70 thoughts on “It Matters If You’re Black or White: The Racism of YA Book Covers”

  1. I don’t have a problem with publishers using other artwork as opposed to cover models. After all, they need to sell books and attractive, interesting covers help do that. I prefer interesting artwork or other representations since I hate having the power to use my imagination to create the character taken from me. Of course, I think it is incredibly lame for them to use cover models who look nothing like the character within the pages.

    What to do? If publishers only respond to dollar signs, perhaps librarians shouldn’t buy books with these kind of covers? Perhaps we should create a YALSA week in the same vein as Banned Books Week? Obviously, it takes a concentrated, public effort to basically shame publishers into correcting this.

  2. This was a very well put together post. I’m not sure what the best way is to get these changes made. It should be common sense that diversity is a good thing. However one thing I wish would happen is that if authors want their characters to be another race I wish they would just say it instead of hinting at it in eye color and skin color. There’s nothing wrong with stating it and takes away all possibly ambiguity in the reader’s mind instead of them defaulting to white because that happens even with the most careful description like Hunger Games for example. And a lot of these books you’ve found I’ve never heard of as having minority protagonists. So maybe if it were more clear that the cover didn’t match the contents maybe people would be more worried. Not to blame the authors or anything. They don’t control covers but maybe they can control what they put in the book.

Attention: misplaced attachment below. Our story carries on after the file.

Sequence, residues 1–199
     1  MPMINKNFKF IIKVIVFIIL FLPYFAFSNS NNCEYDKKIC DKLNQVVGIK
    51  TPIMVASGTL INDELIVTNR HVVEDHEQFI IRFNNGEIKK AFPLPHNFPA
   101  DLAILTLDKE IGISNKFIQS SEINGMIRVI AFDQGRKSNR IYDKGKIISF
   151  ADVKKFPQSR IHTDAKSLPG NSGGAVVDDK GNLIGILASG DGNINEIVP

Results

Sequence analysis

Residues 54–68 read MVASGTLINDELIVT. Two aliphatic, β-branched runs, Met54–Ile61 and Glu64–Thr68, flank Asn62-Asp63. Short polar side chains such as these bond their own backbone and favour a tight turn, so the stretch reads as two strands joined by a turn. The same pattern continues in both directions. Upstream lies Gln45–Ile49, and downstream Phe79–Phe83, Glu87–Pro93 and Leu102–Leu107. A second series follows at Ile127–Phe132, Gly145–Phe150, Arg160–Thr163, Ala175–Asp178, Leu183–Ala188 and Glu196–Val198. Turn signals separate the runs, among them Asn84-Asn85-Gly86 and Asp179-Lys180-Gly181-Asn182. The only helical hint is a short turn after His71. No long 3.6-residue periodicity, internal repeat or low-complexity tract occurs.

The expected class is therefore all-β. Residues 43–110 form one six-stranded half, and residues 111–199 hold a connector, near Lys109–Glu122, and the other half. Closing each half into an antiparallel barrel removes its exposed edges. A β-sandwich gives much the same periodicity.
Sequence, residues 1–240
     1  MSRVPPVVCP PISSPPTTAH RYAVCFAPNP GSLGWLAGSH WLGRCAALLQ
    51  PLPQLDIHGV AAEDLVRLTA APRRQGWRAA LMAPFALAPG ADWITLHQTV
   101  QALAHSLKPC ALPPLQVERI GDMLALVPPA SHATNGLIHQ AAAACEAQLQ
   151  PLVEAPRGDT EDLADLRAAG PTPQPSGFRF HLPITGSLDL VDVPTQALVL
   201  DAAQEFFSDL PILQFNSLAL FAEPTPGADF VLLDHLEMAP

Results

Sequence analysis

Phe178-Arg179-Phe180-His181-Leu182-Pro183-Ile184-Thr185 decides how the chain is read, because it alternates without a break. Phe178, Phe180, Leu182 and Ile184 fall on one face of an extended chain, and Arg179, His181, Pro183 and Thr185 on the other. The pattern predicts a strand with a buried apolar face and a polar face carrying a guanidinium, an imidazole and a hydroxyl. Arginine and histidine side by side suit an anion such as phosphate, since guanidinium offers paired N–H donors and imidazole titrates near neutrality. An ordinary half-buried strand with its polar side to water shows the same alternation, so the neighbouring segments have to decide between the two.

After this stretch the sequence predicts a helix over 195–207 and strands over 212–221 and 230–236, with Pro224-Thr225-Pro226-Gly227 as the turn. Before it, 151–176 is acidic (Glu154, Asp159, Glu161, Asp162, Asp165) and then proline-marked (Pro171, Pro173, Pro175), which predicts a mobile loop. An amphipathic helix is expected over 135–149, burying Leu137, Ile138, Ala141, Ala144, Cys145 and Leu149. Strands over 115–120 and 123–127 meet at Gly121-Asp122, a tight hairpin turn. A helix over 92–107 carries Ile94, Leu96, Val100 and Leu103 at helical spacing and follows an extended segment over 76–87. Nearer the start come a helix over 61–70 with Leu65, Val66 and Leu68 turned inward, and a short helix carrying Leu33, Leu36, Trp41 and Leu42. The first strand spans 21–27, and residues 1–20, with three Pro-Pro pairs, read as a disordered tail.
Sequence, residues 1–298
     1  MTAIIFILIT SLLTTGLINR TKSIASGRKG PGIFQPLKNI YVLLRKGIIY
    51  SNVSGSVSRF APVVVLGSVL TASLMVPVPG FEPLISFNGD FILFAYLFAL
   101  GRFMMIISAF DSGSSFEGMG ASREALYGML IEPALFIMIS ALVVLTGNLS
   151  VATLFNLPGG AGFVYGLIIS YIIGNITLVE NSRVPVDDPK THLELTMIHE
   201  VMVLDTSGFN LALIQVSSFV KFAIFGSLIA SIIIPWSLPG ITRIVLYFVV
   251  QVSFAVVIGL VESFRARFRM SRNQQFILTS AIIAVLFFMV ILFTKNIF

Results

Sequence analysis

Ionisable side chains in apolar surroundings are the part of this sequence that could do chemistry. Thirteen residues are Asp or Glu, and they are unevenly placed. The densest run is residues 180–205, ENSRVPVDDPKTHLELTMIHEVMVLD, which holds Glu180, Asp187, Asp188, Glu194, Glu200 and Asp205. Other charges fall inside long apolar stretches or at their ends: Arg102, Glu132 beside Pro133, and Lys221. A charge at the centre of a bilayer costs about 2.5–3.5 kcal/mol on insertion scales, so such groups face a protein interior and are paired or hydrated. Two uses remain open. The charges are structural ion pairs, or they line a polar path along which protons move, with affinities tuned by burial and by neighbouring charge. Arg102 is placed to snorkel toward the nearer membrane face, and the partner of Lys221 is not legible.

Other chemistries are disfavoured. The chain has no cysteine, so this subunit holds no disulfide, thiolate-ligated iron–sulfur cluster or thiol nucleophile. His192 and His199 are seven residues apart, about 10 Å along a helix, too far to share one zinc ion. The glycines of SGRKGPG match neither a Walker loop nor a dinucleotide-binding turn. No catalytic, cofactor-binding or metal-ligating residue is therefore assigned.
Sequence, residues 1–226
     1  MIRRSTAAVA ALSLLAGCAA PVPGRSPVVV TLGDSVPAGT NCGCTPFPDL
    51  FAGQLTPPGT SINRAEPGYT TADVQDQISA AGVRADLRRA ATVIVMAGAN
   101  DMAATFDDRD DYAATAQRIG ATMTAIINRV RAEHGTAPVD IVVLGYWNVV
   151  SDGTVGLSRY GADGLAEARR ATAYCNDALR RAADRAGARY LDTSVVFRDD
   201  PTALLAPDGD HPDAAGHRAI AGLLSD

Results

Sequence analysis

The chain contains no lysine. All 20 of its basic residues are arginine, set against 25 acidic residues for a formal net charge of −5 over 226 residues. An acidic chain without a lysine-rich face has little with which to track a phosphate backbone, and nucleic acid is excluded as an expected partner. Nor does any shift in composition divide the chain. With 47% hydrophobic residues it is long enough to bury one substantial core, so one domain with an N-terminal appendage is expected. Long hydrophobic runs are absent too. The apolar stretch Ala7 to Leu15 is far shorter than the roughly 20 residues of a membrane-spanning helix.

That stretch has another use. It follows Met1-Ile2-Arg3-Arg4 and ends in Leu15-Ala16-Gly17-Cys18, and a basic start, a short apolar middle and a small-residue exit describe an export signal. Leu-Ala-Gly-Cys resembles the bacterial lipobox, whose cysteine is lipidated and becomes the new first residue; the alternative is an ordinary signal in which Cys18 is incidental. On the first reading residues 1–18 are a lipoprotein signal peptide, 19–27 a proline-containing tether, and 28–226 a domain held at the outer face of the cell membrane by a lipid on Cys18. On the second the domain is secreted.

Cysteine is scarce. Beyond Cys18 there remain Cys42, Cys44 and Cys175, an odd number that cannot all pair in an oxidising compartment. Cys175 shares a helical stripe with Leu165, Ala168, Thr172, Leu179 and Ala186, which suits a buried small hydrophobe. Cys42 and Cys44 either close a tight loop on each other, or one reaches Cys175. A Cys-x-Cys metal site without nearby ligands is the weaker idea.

Another white washing was the cover for the Vast Fields of Ordinary. The main character of the book is black but there was a white guy on the cover. I didn’t know if that guy was supposed to be his love interest of what but it always bothered me.

    1. Your point about explicitly mentioning race was brought up during the Rue-in-The Hunger Games controversy, and the explanation I heard for that case was that the races as we know them don’t exist in Panem, so no one would have described themselves or anyone else as “African-American” or “black” or anything similar. I don’t know if that came from Suzanne Collins, but it makes sense for that specific case.

      1. In the book, during the training session, Katniss observes that Rue “…has bright, dark eyes and satiny brown skin.” During the interviews with Caesar Flickerman, Katniss notices that “the boy tribute from District 11, Thresh, has the same dark skin as Rue…” Whether or not races as we know them exist in Panem, Rue is not white.

        Annie, thanks for this excellent analysis! Great work on a very important topic.